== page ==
So, while this is a strong and welcomed report, we’re far from mopping up all the residual damage from the Great Recession that ended over five years ago. Today’s [July 3, 2014] report provides good news that we’re mopping faster, but we’re not done and there are still perfectly good reasons for monetary and fiscal policy to remain in supportive modes.
That’s pretty in line with what we posted on July 3rd.
↑ The Next Financial Crisis Is Brewing Right Now, and Regulators Are Missing It | The Fiscal Times
You may not see it on the front pages of your newspaper, but close examination will reveal an extreme unease from banking regulators about the current trajectory on Wall Street.
The Office of the Comptroller of the Currency (OCC), not typically seen as a strident regulator, is warning about risky lending as low interest rates drive a reach for higher yields. Both the OCC and the Federal Reserve have decried the slippage in underwriting standards on particular loan products. Fed Chair Janet Yellen cited “pockets of increased risk-taking” in a speech yesterday. And the Bank for International Settlements (BIS), a consortium of the world’s central banks, cautioned this week about asset bubbles forming throughout the global economy.
↑ Thomas Palley – Blog Archive – Milton Friedman’s economics and political economy: an old Keynesian critique
Thomas I. Palley:
Laissez-faire economies do not automatically produce Pareto-optimal or near Pareto-optimal outcomes. They can also have serious negative consequences for freedom which undermines the claim that laissez-faire is the best way to promote freedom.
First, unfettered markets can produce high unemployment and great income inequality which results in economic deprivation that hollows and caricature freedom by removing the means to enjoy freedom. In the language of Amartya Sen (1999, p.xii), unemployment and economic deprivation are forms of “unfreedom”.
Second, income and wealth inequality can have profound political consequences because they tilt political power in favor of the rich. Since part of democratic freedom is the enjoyment of political freedom through the democratic system, this shift in power to the rich implicitly reduces the freedom of the rest. To paraphrase George Orwell, it creates a world in which some are freer than others — a form of political unfreedom.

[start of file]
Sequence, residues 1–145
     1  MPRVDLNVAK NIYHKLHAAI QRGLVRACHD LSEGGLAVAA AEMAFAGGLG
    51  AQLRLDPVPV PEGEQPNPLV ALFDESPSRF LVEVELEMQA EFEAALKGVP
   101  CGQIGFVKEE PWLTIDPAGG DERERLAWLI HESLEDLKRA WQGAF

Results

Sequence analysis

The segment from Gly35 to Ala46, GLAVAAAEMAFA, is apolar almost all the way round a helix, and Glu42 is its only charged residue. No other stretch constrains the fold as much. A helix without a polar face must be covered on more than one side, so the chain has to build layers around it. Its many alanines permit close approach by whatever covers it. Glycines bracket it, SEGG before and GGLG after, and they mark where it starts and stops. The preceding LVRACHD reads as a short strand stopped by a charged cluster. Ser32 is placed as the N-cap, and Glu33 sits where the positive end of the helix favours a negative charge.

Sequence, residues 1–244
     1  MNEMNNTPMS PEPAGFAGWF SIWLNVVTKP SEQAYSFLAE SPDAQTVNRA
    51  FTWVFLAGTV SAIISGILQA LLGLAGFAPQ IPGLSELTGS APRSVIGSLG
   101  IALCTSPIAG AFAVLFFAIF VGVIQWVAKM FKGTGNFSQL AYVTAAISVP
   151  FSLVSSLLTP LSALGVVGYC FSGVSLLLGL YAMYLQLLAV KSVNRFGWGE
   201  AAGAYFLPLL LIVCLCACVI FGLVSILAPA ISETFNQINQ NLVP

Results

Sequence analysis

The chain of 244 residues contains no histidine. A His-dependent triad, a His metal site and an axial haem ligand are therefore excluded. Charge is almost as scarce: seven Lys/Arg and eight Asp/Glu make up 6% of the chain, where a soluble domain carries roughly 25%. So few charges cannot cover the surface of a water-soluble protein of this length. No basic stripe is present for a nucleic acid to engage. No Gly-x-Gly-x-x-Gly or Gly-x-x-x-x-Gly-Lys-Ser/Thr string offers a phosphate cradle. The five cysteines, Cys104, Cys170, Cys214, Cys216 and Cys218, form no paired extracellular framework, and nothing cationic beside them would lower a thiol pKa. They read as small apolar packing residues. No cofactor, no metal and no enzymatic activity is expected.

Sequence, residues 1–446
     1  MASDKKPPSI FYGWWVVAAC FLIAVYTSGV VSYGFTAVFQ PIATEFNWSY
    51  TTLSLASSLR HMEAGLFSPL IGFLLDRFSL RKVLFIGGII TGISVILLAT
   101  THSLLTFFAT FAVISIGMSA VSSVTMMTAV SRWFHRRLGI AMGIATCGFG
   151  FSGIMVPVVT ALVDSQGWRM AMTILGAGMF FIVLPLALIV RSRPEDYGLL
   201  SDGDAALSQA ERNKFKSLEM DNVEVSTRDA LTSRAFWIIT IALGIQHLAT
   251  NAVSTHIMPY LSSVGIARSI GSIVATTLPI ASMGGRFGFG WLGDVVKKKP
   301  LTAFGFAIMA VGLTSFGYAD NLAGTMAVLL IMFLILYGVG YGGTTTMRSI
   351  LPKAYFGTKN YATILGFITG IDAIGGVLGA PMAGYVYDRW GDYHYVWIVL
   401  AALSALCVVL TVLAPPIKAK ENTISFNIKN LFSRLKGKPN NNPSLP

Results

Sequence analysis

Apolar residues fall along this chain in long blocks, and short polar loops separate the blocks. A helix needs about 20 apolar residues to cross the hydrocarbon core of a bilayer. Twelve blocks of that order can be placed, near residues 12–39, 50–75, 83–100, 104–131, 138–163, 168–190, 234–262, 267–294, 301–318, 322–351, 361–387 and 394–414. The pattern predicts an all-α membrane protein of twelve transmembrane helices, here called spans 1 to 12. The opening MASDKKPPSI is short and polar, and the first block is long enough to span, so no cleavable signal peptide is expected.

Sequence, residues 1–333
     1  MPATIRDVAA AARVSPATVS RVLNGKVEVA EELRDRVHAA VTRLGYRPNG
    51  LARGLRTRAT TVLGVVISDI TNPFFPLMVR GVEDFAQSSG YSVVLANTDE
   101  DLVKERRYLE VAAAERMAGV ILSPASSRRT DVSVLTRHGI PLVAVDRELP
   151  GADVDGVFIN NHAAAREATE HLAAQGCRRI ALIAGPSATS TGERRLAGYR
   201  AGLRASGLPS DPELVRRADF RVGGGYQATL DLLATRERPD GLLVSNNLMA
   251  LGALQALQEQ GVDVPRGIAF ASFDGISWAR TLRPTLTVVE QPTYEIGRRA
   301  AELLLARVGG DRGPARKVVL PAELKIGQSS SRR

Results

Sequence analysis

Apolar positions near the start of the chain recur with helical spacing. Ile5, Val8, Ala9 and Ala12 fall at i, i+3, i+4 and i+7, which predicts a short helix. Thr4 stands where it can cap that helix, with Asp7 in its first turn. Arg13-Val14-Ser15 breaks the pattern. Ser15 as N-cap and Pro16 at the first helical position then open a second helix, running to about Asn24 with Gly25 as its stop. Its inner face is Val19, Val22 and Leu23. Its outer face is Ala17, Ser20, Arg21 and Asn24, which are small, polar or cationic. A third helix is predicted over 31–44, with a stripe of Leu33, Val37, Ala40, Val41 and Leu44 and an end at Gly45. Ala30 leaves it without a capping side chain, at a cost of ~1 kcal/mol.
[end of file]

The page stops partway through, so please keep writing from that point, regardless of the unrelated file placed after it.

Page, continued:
Third, the proclivity of laissez-faire economies to generate high unemployment and income inequality also directly threatens political freedom and stability by producing alienation. This is the foundation of the critique of neoliberalism articulated by Karl Polyani (1944) in his analysis of the failings of 19th century capitalism that led to early-20th century fascism. A political economic system that does not value people may work in times of prosperity, but it risks breakdown in times of prolonged economic hardship and insecurity. Under such conditions, there can easily be a turn away from the democratic process and a turn to suppression of freedom in the form of politics of intolerance that scapegoat particular ethnic and racial groups, or even a turn to authoritarian politics that attacks the freedom of all. By assuming away the economic probl em, Friedman’s political economy is blinded to the issues of unfreedom and the need for an economic system that generates politically sustainable outcomes.
Thomas I. Palley also explains how Post-Keynesian economics renders Milton Friedman’s Mark II monetarism completely unsupportable.
Lastly, mark II monetarism suffers from the same Post-Keynesian critique of its theory of the money supply as did mark I monetarism. Both forms of monetarism take the money supply as subject to tight exogenous control by the monetary authority, when in fact it has significant endogenous elements related to bank lending.
Friedman apparently didn’t put much stock in hoarding, which hinders the velocity of money and helps reduce or stop price inflation altogether.